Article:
Staff Publications

Staff Publications

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    'Staff publications' is the digital repository of Wageningen University & Research

    'Staff publications' contains references to publications authored by Wageningen University staff from 1976 onward.

    Publications authored by the staff of the Research Institutes are available from 1995 onwards.

    Full text documents are added when available. The database is updated daily and currently holds about 240,000 items, of which 72,000 in open access.

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Record number 409980
Title Comparison of nutrient acquisition in exotic plant species and congeneric natives
Author(s) Meisner, A.; Boer, W. de; Verhoeven, K.J.F.; Boschker, H.T.S.; Putten, W.H. van der
Source Journal of Ecology 99 (2011)6. - ISSN 0022-0477 - p. 1308 - 1315.
Department(s) Laboratory of Nematology
Publication type Refereed Article in a scientific journal
Publication year 2011
Keyword(s) false discovery rate - mycorrhizal fungi - invasive plant - microbial communities - solidago-gigantea - enemy release - fatty-acids - soil - nitrogen - bacteria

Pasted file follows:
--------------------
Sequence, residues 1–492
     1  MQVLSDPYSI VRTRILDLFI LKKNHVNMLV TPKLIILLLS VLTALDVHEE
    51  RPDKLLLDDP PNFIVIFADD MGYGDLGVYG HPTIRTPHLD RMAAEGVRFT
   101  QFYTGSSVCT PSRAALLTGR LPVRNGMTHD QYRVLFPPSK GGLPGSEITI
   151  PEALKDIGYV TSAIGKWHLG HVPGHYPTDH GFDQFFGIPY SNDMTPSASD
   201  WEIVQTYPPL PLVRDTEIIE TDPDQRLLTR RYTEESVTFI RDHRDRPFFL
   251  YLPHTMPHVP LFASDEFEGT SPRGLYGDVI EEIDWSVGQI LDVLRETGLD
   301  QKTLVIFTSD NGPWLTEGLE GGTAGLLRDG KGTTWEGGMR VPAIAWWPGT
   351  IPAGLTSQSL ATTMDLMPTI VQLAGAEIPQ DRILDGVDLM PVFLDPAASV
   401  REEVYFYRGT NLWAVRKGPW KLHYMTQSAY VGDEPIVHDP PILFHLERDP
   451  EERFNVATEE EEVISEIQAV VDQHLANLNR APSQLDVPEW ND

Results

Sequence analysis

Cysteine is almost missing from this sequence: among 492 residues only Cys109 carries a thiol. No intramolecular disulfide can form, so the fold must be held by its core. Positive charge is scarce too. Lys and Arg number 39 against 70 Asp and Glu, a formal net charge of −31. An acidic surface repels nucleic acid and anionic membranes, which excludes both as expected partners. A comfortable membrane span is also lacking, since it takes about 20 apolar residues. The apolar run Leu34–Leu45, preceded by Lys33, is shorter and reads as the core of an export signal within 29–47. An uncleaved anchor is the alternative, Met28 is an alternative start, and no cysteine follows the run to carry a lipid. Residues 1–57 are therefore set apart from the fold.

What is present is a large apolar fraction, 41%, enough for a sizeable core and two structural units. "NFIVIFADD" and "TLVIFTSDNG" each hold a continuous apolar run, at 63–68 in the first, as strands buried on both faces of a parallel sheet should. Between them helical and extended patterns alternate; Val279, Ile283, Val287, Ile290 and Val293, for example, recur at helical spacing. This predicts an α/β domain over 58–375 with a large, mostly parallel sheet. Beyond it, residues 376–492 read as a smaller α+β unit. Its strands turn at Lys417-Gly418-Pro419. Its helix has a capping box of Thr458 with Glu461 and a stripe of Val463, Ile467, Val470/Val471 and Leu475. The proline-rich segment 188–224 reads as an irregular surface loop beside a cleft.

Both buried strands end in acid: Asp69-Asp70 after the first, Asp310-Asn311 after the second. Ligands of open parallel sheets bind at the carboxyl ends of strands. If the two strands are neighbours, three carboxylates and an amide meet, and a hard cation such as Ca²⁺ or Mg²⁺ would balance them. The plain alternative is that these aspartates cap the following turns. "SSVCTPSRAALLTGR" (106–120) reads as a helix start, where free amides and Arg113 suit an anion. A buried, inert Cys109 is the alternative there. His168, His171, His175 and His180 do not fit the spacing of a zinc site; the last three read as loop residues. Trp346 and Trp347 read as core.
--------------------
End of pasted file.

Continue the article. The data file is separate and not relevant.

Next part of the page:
Abstract 1. The ability of exotic plant species to establish and expand in new areas may be enhanced by a relatively high ability to acquire soil nutrients. To test this hypothesis, we predicted that the capacity for nutrient acquisition would be higher in seedlings of exotic species than in seedlings of native congeners. 2. We selected the five exotic species that had recently increased in abundance in a riverine habitat in the Netherlands and that had a native congener that was common in the same habitat. We grew seedlings of each of these ten species singly in pots of soil from this habitat in a glasshouse. After two months, we measured the final dry mass and N and P content of each plant and components of microbial biomass and nutrient mineralization in the soil. We also measured these soil characteristics in pots that had been left unplanted. 3. Exotic and native congeners did not differ consistently in the uptake of N or P or in effects on components of soil mineralization. Within a genus, values of these measurements were sometimes higher, sometimes lower and sometimes similar to the exotic when compared with the native species. 4. Depending upon the statistical analysis used, biomarker-based biomass of arbuscular mycorrhizal fungi was generally higher in soil planted with exotic than with native species. Most measures of microbial biomass and soil mineralization were higher in pots that had been planted with plants than in pots with no plant. 5. Synthesis. Our results do not suggest that invasive, exotic plant species generally possess greater capacity for nutrient acquisition during the early establishment than native species do
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